Etchmiadzin Cathedral the main religious structure of the Echmiadzin Catholicosate of the Armenian Apostolic Church. It is located in the city of Vagharshapat, Armavir region, Armenia. According to scientists, it is the first Cathedral (but not the first church) of ancient Armenia and is considered one of the oldest Cathedrals in the world. The church was built at the beginning of the fourth century, in the years 301-303, after the adoption of Christianity as the state religion, by order of Gregory the Illuminator. It was built on the site of a pre-existing temple, symbolizing the transition from paganism to Christianity. The main part of the current structure was built by Vahan Mamikonian in 483/4 after it was severely damaged during the Persian invasion. From its construction until the second half of the fifth century, the cathedral was the residence of the Catholicos of All Armenians.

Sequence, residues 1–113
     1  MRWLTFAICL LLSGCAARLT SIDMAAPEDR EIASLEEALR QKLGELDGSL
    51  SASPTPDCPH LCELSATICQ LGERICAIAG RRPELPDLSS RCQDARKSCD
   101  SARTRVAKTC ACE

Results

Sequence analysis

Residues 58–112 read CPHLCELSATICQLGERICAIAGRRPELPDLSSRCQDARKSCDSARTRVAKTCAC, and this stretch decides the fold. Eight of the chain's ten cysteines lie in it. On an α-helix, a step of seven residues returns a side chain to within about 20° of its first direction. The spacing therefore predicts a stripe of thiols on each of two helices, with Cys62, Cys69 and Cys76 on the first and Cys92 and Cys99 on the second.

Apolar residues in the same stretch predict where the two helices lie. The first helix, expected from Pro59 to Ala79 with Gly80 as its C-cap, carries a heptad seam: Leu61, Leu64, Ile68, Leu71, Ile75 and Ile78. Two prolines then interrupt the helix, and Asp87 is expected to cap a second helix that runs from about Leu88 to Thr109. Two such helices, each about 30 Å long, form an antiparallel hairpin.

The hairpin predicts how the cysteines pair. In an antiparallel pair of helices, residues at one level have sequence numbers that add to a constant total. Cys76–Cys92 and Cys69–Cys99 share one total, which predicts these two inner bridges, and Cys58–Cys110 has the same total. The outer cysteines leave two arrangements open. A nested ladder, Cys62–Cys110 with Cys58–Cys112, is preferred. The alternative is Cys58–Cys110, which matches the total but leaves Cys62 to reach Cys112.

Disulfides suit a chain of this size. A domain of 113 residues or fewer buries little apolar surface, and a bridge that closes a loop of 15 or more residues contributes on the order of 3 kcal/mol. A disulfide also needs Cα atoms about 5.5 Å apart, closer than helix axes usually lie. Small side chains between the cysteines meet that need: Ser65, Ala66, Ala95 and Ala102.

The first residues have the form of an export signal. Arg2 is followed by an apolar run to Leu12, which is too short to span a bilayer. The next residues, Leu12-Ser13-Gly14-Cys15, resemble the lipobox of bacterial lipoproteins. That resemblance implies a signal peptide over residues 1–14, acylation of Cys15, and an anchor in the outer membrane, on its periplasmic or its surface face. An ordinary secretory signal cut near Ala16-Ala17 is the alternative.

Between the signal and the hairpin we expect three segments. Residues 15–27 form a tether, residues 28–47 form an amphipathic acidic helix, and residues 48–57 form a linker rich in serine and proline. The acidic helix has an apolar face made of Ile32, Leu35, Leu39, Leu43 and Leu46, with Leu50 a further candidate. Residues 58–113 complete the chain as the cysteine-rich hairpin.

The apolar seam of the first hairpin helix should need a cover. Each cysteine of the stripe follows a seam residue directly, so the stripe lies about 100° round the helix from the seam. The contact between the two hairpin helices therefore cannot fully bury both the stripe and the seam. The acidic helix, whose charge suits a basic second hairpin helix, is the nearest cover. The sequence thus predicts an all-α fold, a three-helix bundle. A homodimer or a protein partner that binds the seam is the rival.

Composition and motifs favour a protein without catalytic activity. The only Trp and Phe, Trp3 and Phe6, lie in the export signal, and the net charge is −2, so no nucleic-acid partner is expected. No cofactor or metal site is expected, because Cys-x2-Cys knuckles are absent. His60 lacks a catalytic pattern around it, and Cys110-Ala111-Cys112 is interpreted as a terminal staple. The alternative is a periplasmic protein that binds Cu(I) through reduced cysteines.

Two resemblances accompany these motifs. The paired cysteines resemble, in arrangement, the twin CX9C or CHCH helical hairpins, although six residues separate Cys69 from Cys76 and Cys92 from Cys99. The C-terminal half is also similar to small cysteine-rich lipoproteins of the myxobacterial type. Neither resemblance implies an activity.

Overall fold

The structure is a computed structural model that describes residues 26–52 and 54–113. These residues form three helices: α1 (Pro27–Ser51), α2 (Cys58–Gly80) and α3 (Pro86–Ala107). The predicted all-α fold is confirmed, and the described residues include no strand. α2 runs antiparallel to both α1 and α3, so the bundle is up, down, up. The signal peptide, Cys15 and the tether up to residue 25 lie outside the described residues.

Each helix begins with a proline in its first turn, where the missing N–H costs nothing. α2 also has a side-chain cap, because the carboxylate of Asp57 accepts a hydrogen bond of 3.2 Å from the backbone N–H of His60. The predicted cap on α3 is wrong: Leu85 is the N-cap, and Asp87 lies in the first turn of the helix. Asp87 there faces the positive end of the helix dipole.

In 1441, a National Ecclesiastical Assembly was convened in Vagharshapat and a decision was made to return the Catholicosate of All Armenians to the Mother See of Holy Etchmiadzin. From that time until now, the Holy Etchmiadzin Mother See has been the administrative center of the Armenian Church. Later, the temple underwent a number of renovations. In 1604, in order to weaken the devotion of Armenians to their country, Abbas I Sefi looted Etchmiadzin, taking relics and stones from the temple. The bell towers were built in the second half of the 17th century. In 1868, a depository was built in the eastern part of the temple. Today, the temple incorporates styles of Armenian architecture from different periods. Having weakened during the Soviet period, Etchmiadzin revived in the second half of the 20th century and during the period of independent Armenia.
Being the spiritual center of the majority of Armenians, Etchmiadzin was not only one of the important religious, but also political, economic and cultural centers of Armenia. This large pilgrimage site is one of the most visited places in Armenia. The cathedral, along with some important early medieval churches in the vicinity, were included in the UNESCO World Heritage List in 2000.
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